01 Apr, 2019
Chair's message to members - 1 April 2019
Dear Member or Supporter
Brexit? April Fool!
So Brexit Day has passed with no Brexit. We are not starting the first week of the sunlit uplands, no downsides at all, free trade agreements signed and in place, regained freedom and independence, global leadership &c &c &c. It turns out that "nothing has changed".
Indicative Votes on Brexit
The results show some clear patterns, although distorted by Labour's decision to whip for some options. No-Deal and Revocation have less support; but so do the options that involve single market membership - a clear warning to us that we have so far failed to make the case for freedom of movement.
The motion that came closest to passing was for some sort of customs union. That is not that different from the Government's deal. How else are they going to stop the customs element of the Irish backstop kicking in?
Anyway, as far as I am concerned all Brexits are bad so I don't really care which one is put forward.
But all that is shadow boxing
For Leavers, the meaning of Brexit should be fundamental to the decision whether to go ahead. Norway Plus is quite different from a Canada-style FTA at the GB level. But that would be in the non-binding political declaration. So the only binding Brexit choice right now comes down to No-Deal (a hostile relationship with the EU) and the Withdrawal Agreement (a positive relationship with the EU) followed by a debate on what Brexit means. Decision first, reason afterwards; the Red Queen would be impressed.
There is no clear path from the indicative votes to a binding result. Text in the political declaration could be undone in the negotiations. Even a law could be changed by a Government with a majority. The main lesson from Theresa May's pre-announced resignation is that post-Brexit every relationship consistent with the Withdrawal Agreement would be on the table. Given how divided both main parties are a general election would not get us further forward. Both manifestos would presumably promise fantasy Brexits.
A referendum result would be the closest to a politically binding direction for Brexit. We know how powerful a referendum is. A referendum decision to join or not join the single market or a customs union would be hard for a Government to dishonour. So even Brexiters should call for a referendum to ensure the closest the political system can offer to a binding mandate for their preferred Brexit (so long as it is one that can actually be delivered).
Indicative Vote on a referendum
The option that had most support was a confirmatory referendum: 268 votes in favour. Congratulations! You did that. It was the result of all the campaigning that you have put in for a People's Vote. The street stalls (in the rain), the leafleting (in the rain), the mass marches (in the sunshine; funny that), the social media activity, the endless writing to MPs.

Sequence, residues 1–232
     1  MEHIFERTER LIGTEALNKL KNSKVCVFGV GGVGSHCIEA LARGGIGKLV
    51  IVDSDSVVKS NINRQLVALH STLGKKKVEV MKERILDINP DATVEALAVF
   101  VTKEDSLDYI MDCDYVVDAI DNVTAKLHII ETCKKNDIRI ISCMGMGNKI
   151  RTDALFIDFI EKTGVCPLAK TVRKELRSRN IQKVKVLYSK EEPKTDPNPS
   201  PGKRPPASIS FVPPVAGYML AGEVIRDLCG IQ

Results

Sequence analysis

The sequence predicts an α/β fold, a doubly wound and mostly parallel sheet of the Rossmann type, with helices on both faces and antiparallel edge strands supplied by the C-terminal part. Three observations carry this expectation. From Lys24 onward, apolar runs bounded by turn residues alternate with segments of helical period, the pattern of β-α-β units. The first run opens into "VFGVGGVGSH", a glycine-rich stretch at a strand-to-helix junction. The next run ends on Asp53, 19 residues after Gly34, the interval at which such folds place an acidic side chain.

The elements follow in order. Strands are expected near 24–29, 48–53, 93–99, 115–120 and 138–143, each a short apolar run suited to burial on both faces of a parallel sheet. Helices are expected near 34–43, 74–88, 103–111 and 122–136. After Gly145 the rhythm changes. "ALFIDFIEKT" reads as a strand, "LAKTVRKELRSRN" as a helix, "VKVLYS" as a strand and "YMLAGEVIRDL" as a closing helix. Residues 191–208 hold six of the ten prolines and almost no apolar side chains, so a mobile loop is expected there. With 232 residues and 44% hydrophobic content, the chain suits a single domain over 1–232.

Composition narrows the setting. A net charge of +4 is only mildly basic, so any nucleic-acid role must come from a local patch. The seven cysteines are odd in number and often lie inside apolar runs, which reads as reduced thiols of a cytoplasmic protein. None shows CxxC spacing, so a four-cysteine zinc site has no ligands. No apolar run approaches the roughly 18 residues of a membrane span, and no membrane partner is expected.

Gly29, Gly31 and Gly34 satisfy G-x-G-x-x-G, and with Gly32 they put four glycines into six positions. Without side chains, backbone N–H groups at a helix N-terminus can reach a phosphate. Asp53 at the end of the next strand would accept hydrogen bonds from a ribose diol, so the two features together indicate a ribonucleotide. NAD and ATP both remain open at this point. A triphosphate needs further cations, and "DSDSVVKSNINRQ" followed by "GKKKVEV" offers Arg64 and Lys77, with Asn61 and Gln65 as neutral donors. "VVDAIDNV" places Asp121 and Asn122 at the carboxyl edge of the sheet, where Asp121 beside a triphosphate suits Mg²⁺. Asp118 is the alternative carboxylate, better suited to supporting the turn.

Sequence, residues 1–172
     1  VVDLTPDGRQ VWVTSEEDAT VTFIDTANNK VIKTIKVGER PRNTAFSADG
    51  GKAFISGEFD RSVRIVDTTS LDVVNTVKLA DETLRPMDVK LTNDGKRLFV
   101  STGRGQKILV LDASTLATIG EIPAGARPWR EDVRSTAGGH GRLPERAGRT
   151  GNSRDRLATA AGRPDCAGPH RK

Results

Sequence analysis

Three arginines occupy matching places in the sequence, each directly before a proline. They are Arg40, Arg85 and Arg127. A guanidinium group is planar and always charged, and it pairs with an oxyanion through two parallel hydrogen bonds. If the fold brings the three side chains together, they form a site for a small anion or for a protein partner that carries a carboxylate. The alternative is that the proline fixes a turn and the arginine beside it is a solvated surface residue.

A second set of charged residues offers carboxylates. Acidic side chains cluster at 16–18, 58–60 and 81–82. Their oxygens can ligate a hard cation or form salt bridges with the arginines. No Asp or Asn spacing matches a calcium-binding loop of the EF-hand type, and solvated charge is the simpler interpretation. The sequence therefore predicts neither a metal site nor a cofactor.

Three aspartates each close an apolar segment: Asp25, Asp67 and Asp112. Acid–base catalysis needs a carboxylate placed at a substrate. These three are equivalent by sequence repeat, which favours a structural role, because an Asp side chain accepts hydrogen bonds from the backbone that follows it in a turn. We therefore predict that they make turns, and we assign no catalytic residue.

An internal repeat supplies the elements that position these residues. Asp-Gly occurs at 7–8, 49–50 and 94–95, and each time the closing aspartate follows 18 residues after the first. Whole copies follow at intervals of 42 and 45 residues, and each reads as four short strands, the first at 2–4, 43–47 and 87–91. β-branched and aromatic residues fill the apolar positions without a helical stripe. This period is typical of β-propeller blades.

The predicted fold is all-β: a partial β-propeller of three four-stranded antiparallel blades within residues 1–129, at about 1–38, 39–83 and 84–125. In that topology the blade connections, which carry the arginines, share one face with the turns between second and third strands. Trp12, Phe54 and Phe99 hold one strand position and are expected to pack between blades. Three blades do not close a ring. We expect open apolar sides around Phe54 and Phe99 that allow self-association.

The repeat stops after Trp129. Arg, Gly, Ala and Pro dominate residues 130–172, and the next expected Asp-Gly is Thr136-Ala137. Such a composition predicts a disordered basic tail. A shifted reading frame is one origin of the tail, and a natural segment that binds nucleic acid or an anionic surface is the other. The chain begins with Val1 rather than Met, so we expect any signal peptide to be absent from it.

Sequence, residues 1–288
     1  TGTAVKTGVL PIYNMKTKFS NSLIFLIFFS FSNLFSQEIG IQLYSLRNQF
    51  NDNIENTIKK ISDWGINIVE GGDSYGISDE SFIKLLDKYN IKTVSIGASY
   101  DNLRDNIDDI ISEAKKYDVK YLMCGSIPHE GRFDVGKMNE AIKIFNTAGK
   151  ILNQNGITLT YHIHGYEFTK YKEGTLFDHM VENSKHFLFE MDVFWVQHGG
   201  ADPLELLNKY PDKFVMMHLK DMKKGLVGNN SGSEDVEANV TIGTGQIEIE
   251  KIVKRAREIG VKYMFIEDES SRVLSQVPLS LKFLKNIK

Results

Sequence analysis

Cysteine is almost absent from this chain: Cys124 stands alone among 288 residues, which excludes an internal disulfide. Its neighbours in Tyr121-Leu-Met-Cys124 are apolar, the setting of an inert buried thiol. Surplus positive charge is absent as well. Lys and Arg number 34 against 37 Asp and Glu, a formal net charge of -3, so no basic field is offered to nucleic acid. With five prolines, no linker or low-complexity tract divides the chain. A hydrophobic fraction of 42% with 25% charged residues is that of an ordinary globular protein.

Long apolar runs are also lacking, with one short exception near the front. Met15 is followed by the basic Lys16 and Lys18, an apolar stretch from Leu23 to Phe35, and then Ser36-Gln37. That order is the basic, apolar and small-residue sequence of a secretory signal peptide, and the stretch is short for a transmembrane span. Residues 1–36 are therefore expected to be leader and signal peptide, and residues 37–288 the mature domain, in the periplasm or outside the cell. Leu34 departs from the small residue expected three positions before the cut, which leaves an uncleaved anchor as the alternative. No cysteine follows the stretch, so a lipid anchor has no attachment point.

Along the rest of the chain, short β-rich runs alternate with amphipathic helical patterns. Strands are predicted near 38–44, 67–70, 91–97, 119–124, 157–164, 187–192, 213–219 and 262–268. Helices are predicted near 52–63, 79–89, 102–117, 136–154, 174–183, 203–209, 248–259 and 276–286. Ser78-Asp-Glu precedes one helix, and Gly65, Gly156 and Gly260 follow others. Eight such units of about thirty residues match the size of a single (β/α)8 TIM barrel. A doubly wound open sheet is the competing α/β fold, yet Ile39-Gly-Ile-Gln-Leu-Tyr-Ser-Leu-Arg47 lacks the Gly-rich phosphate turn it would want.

The great achievement of the PV campaign was to unite the Remain movement around the one democratic means of stopping Brexit that has a chance of allowing the country to heal if we stay in the EU because the process would enable the losers to feel that they had had the chance to make their case and because Remainers would have had to reach out to Leavers to persuade them. We must not lose that unity of purpose.
But, as you know, the motion was lost. The motion did not specify that Remain would be an option; even now that R-word is too dangerous for some MPs. Labour whipped in favour. Even so 27 Labour MPs voted against and 18 abstained. The lack of disciplinary action against the Labour frontbenchers who abstained does not suggest the whip was that hard, which will have implications for next time.
So we are simultaneously nearly there and not nearly there.
But I am more optimistic than I have been for some time. Our message is clear. The PV is not an alternative to passing Brexit. In fulfilment of the 2016 referendum mandate Parliament does have to accept one or more Brexit options - and in spite of MV2½ that might yet be the deal. But no-one lets a decision to look at an idea commit them to whatever plan is later cooked up. So the Brexit(s) that Parliament accepts need to be put to the people. Acceptance does not mean that MPs think it is better than Remain; just that the plan does actually exist.
We lost by 27 votes. 74 did not vote - could more of them be persuaded to join us than oppose? Nine MPs voted for revoke to avoid No-Deal and not for a referendum - could we bring them round to the PV proposition? A gap of 27 means that if just 14 change their minds, we win. Surely, Conservative Remainers will see that a rebellion now would have a point and not just be a costly gesture.
Indicative Votes 2
Today sees a further round of indicative votes; perhaps there will be Round 3 on Wednesday. We will have to hope that MPs come round to the PV in greater numbers. Please do tell yours what you want.
If Theresa May wishes to bring the deal back for another vote, it needs to be different. The biggest difference from previous votes would be if it was likely to pass. The change most likely to make it pass would be if it was subject to a referendum with the option to Remain. Time for another U-turn from the Prime Minister - and then everything would have changed.
This e-mail sets out the personal views of the author and does not necessarily reflect the views of London4Europe.
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